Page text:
The current protocols in fire debris analysis rely on ignitable liquid pattern recognition and the identification of target compounds. These practices allow fire debris analysts to determine whether a sample contains or is absent of ignitable liquid residue and to classify that type of ignitable liquid based upon subjective thresholds. A statistical approach using computationally mixed datasets was devised in this research to generate an objective approach to the classification of fire debris samples and to determine error rates. Quadratic, linear, and partial least squares linear discriminant analysis (QDA, LDA, and PLS-DA) models were developed and evaluated to determine the effects of different population distributions and the overall performance on known and unknown ground-truth fire debris samples. The evaluation of the method performance was determined by generating receiver operator characteristic (ROC) curves and calculating an area under the curve (AUC) based on log-likelihood ratios (LLR) scores. The Substrate Database was also expanded within this work to aid fire debris analysts in casework and to provide a more relevant population when generating statistical models. The most optimal population distribution was determined to consist of a uniform population of equal contribution of substrate and ignitable liquids, with each ignitable liquid class represented. The QDA model performed the best when evaluating the cross validation datasets, calculating an AUC of 0.975 ± 0.005. The PLS-DA model calculated the highest AUC for a limited validation 16 known ground-truth dataset (0.991 AUC) in comparison to the other models. All models were evaluated by determining an analyst's threshold for large scale burn data of unknown ground-truth. All models determined a conservative threshold (LLR = 1) as a cutoff score by the informed analyst.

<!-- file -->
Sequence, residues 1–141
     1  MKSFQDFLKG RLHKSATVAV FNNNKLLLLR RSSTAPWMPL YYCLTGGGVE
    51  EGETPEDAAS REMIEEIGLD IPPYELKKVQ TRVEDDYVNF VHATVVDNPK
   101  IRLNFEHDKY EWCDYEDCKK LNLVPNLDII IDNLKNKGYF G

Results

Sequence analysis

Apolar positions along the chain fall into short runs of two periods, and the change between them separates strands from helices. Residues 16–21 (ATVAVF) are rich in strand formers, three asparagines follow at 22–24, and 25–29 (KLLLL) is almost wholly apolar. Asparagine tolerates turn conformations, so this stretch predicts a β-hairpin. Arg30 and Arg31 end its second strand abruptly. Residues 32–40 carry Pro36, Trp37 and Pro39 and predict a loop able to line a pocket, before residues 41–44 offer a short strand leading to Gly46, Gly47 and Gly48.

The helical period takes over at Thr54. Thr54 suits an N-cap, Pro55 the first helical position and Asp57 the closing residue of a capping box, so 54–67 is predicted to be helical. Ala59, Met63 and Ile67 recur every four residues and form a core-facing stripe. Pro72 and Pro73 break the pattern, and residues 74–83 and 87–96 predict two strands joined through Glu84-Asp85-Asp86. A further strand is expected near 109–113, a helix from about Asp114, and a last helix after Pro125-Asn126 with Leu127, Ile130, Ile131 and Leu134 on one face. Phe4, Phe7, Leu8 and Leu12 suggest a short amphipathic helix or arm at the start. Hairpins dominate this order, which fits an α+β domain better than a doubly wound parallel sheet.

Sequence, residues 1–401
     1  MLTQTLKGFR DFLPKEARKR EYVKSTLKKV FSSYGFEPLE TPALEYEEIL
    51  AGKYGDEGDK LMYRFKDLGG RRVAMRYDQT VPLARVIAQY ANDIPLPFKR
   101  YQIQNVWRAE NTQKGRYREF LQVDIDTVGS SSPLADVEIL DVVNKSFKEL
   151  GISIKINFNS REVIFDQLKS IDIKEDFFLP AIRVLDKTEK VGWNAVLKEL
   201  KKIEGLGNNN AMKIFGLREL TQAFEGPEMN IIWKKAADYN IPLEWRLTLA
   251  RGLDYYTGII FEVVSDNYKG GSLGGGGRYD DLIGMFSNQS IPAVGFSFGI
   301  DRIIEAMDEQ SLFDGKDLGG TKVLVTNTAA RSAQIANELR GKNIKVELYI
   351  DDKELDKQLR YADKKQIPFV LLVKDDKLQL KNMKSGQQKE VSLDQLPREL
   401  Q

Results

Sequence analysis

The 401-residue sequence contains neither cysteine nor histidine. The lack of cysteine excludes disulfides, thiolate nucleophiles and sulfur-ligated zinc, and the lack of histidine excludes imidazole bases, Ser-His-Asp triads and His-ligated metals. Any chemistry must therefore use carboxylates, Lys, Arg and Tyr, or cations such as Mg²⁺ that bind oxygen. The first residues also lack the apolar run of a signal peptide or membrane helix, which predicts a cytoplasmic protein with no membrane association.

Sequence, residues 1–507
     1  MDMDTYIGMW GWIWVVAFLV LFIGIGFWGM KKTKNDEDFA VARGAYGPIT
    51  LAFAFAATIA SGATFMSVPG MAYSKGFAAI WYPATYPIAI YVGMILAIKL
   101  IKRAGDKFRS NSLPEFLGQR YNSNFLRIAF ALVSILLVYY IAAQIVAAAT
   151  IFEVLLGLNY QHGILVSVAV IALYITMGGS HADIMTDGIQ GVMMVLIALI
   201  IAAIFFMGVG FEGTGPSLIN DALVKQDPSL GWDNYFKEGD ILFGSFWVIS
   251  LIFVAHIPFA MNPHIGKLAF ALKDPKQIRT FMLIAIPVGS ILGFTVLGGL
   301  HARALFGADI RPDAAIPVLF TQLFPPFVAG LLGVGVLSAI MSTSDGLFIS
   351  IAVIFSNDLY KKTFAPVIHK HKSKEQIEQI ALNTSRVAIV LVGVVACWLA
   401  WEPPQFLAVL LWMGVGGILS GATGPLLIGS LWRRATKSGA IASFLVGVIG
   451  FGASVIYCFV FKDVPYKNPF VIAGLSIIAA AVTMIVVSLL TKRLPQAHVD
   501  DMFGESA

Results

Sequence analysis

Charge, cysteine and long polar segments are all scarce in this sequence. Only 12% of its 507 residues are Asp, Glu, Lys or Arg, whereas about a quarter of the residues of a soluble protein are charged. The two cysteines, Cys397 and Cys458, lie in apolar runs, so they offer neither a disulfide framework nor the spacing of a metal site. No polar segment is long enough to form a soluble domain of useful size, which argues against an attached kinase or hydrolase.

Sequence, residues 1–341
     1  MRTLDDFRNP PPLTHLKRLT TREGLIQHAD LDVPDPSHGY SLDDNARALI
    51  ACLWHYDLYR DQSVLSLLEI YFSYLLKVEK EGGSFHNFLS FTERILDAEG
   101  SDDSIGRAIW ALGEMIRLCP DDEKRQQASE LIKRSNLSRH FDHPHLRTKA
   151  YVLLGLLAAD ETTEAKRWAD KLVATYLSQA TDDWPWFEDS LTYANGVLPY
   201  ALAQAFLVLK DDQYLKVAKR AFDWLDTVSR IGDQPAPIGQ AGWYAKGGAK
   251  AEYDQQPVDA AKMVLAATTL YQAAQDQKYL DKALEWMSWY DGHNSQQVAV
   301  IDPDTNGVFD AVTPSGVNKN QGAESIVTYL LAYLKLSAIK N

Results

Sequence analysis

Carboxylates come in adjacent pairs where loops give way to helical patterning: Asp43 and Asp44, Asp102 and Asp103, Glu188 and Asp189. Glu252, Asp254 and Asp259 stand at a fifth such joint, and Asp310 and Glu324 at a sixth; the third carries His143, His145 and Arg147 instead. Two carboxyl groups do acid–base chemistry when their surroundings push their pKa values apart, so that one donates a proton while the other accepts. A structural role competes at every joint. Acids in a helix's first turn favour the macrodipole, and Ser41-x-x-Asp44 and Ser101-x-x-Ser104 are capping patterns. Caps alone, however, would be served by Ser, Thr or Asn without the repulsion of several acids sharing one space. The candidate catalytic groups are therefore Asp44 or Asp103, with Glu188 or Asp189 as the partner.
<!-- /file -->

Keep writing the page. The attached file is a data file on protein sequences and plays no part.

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Doctor of Philosophy (Ph.D.)
College of Sciences
Length of Campus-only Access
Doctoral Dissertation (Open Access)
Allen, Alyssa, "The Evaluation of Classifier Performance on the Forensic Analysis of Fire Debris and the Expansion of the Substrate Database" (2019). Electronic Theses and Dissertations. 6839.
Restricted to the UCF community until 2-15-2021; it will then be open access.